GoBike!

Get off the road!”, a GoBike member’s View on Parking, Private Property and Cycle Facilities

We reproduce below the submitted text of a Herald newspaper Agenda item, written by GoBike member, Bob Downie, and  published in the Herald today.  It is just possible that the car owning populace of the land might not like this article, so if you agree with it then please get your letter of support into the Herald now!  Bob has written the item in a personal capacity but we are pleased to publish the views of GoBike members if they are generally in line with our aims. The printed text, as in the Herald, is given here: http://www.heraldscotland.com/opinion/15483256.Agenda__On_street_parking_should_not_be_at_the_expense_of_cycling_infrastructure/

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“When on your bike, how many times do you hear the phrase “get off the road!”, followed by a barbed statement along the lines of “roads are for cars and you can get your toy onto the pavement”? The answer is more often than many of us would like. Being the mature adults that we are, we sadly shake our heads and cycle on. It is to be hoped that the holders of such ideas will in time pass on to the great motorway in the sky, and be replaced by a younger generation more used to the idea that one’s transport mode depends on the journey, walking, cycling, driving or public transport as the circumstance dictates. We can dream.

However, even enlightened urban car owners consider that they have an absolute right to park on the street outside their property. As a campaigner for improvements in the cycling environment in Glasgow, I keep bumping up against the refusal to install any cycling infrastructure because it could only be built at the expense of on-street parking. This factor, possibly more than any other is the primary reason why we do not, and possibly cannot, have good quality, protected cycle lanes in our fine city.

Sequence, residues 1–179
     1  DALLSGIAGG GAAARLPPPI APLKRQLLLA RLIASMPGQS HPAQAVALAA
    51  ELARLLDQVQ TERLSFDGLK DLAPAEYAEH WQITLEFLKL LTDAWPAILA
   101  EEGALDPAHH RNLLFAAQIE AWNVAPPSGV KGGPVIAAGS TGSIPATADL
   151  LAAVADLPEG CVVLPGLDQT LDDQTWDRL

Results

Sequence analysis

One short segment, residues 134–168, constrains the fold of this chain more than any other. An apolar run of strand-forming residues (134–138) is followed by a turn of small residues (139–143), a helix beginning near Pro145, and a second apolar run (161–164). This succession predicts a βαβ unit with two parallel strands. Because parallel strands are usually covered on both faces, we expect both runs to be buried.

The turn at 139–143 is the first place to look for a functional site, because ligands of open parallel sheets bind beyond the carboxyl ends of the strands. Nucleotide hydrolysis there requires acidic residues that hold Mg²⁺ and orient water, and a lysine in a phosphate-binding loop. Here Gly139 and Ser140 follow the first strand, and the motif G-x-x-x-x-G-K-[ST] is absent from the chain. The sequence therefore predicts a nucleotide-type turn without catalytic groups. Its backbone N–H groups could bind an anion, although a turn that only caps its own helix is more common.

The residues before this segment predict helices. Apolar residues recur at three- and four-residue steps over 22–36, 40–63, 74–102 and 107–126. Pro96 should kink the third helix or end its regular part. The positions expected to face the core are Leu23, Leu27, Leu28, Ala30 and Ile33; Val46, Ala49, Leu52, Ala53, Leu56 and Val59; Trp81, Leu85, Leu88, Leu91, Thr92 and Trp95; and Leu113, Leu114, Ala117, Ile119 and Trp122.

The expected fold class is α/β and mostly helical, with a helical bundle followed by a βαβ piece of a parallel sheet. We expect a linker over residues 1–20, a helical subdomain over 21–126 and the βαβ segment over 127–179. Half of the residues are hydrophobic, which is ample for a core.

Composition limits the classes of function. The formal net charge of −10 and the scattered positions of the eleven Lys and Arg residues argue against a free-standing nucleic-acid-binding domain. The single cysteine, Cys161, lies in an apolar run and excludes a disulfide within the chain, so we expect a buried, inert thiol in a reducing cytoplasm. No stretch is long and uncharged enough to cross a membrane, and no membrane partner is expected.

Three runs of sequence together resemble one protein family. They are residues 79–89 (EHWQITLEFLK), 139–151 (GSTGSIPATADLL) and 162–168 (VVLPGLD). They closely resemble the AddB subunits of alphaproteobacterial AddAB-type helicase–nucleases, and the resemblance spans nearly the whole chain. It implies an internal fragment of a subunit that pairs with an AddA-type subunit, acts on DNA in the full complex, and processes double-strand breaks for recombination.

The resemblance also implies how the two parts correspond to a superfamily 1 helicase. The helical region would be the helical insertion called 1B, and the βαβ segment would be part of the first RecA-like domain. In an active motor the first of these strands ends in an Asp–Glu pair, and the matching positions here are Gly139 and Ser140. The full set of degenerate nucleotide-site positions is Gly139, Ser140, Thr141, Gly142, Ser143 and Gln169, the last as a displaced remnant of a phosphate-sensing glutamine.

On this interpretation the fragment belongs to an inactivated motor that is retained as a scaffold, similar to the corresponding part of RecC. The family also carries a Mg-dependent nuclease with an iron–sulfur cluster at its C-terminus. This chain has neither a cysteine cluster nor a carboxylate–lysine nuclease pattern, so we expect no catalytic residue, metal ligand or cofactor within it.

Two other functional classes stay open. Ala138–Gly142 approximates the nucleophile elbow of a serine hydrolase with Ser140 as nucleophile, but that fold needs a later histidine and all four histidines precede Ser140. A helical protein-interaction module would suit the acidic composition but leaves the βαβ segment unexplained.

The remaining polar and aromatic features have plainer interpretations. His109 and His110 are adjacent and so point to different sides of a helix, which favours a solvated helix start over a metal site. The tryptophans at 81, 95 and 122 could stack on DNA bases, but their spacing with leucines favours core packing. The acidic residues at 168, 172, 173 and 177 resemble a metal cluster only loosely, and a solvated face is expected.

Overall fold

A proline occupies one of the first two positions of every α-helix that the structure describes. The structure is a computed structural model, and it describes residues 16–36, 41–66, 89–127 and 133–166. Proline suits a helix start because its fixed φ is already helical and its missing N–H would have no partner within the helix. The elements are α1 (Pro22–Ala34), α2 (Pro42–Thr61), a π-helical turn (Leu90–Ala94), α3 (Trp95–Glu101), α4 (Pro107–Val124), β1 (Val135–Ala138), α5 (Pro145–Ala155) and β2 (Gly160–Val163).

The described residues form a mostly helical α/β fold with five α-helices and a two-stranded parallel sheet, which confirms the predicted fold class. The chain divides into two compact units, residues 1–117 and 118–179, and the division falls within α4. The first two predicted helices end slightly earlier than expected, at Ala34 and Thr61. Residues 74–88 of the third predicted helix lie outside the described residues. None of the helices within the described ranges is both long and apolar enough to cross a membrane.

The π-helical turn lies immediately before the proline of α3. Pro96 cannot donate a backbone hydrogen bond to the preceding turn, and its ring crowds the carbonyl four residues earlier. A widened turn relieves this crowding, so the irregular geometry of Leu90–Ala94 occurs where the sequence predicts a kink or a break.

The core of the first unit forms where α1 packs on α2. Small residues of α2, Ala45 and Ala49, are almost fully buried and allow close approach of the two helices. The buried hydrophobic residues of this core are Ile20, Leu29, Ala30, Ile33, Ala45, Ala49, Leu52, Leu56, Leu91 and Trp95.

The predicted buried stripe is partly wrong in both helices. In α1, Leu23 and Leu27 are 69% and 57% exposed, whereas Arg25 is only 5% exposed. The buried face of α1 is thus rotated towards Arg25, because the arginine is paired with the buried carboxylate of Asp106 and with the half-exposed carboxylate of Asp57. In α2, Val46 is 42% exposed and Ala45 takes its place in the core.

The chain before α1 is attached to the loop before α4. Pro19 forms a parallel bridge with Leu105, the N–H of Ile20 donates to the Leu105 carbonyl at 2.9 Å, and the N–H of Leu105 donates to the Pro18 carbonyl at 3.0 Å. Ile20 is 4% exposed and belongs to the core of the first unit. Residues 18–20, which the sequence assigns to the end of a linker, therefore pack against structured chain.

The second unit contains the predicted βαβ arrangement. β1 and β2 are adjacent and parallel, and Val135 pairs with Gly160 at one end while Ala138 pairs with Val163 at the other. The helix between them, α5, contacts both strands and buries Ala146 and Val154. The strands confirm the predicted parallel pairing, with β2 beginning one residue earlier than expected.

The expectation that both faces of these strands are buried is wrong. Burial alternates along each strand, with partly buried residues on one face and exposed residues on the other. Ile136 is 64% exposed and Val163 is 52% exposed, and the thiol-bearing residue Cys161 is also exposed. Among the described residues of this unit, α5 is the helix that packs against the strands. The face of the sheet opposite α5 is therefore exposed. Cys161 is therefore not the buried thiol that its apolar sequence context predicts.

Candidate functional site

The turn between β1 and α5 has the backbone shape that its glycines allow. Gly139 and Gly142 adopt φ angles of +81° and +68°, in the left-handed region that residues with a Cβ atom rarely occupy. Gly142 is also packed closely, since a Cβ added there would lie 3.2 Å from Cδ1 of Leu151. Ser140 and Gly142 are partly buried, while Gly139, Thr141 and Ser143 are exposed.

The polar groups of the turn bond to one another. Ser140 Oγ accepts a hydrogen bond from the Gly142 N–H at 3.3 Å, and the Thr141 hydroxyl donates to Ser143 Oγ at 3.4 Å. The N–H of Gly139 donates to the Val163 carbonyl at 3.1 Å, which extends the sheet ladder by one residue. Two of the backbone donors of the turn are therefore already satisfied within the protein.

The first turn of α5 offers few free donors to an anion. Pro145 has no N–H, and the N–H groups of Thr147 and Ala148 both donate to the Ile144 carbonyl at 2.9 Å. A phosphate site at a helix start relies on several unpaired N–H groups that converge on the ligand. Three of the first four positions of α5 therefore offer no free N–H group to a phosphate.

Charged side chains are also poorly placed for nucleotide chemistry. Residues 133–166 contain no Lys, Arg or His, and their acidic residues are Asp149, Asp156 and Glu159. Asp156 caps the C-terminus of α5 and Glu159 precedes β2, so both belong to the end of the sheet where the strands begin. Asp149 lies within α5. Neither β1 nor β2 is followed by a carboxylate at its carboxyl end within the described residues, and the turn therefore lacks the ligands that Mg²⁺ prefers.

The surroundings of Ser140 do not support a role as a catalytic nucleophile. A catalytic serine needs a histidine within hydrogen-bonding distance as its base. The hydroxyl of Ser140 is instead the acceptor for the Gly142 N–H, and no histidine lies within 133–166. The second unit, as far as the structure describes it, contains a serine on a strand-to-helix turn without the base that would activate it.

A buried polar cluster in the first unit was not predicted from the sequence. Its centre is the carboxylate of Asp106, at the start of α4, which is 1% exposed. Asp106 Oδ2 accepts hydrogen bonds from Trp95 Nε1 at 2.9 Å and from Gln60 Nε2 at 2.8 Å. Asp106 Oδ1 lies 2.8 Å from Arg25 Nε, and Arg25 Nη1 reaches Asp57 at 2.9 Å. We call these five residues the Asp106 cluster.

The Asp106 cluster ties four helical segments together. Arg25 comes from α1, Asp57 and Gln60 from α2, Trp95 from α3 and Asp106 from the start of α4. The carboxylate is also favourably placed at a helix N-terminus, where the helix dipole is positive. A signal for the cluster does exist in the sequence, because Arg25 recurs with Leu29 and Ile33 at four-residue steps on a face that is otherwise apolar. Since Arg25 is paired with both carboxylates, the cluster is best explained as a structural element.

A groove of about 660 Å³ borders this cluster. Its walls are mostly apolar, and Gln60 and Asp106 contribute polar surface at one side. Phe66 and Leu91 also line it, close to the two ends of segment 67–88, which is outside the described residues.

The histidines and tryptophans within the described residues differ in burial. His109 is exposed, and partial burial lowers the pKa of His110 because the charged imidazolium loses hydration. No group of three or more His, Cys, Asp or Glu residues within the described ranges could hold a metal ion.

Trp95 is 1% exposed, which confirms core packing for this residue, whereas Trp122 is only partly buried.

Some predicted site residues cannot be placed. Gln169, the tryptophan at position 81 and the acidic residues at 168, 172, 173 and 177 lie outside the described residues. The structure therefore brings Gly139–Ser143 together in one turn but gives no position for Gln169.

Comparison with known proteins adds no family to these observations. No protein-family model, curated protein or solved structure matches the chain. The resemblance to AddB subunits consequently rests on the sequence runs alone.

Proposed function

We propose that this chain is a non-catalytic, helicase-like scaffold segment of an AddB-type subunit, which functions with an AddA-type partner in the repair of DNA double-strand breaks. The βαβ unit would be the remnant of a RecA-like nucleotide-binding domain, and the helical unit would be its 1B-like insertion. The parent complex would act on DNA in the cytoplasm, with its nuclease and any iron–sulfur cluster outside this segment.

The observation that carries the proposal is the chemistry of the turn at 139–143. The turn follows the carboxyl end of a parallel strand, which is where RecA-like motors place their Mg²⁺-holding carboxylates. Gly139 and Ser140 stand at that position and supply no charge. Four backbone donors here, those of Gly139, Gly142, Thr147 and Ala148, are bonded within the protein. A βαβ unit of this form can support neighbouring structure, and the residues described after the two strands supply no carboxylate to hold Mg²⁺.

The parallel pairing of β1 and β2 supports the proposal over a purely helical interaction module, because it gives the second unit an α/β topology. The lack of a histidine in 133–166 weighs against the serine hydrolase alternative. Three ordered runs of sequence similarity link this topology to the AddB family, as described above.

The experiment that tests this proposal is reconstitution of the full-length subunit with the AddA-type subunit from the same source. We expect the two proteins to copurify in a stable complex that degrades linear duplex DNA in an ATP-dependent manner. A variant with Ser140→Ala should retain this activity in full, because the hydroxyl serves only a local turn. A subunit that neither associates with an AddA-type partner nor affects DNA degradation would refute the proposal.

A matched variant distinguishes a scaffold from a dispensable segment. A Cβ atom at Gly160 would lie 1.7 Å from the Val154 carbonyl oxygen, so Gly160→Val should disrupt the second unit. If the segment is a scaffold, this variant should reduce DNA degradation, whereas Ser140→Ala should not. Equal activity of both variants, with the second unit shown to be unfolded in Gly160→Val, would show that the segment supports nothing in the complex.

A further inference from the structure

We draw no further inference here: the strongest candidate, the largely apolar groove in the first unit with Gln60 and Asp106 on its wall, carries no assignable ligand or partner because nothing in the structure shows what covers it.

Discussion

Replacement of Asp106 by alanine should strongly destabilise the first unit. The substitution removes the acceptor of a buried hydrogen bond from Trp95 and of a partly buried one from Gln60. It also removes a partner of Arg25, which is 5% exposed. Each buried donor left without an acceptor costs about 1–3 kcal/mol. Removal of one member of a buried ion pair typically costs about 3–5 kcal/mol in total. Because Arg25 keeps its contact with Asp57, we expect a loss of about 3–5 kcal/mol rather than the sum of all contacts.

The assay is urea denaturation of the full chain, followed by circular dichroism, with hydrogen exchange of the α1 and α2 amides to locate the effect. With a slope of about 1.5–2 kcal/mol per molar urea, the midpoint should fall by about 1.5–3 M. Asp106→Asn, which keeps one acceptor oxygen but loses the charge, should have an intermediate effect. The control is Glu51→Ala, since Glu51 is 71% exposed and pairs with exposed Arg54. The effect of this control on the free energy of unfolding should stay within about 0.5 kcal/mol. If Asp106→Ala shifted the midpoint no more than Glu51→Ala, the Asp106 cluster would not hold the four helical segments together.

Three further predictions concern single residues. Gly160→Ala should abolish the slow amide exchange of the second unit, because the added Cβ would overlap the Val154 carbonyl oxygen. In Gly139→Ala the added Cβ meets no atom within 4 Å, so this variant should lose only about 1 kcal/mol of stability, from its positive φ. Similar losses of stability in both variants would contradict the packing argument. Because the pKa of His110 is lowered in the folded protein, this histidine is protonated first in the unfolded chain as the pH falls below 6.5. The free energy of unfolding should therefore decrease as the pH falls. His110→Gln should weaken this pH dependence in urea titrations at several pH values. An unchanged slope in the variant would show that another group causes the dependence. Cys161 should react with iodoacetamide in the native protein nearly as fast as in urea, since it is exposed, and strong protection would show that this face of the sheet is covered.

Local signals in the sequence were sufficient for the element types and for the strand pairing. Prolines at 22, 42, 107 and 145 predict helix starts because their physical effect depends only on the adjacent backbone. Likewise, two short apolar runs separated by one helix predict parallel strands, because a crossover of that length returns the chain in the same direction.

The desire to park on the road close to one’s property is perfectly understandable, but let us step back and ask the fundamental question, what is a road and what is its function? The online Oxford English defines a road as “a wide way leading from one place to another, especially one with a specially prepared surface which vehicles can use”. The Collins dictionary offers “a road is a long piece of hard ground which is built between two places so that people can drive or ride easily from one place to the other”. However, the most important definition is the Road Traffic Act 1988 which states “a road physically should have the character of a definable route, with ascertainable edges, and that leads from one point to another to enable travellers to move conveniently from one point to another along that route”.

The essence of all the above definitions is that a road is constructed route that people can use to travel by vehicle from one place to another, the RTA of 1988 adding the term “move conveniently”. What is conspicuously missing from any definition of “road” is that it is a place to store your priv2ate property. Now call me picky, but what is a car if not private property?

It thus seems that we cannot have the network of safe, connected cycle infrastructure in Glasgow that we so urgently need, because of the priority given to allowing people to store their private property on the public road. I have no fundamental desire to stop parking where there is room to do so without impeding traffic, but cyclists are every bit as much traffic as are motor vehicles and it is wrong to deny them safe, segregated routes by preferentially prioritising parking. Glasgow, like all urban areas, needs a cycle revolution. The pent-up desire is huge but until safe infrastructure is created the desire will never be satisfied for the many would-be cyclists intimidated by sharing roads with motor vehicle.

So, on-street parking is fine, but should be given the lowest priority and allowed only after the needs of all traffic, including cycling, are satisfied. Roads are routes to travel on and not places to store personal property. I say, “Get the parked cars off the road” and allow the cycle traffic to flow.”

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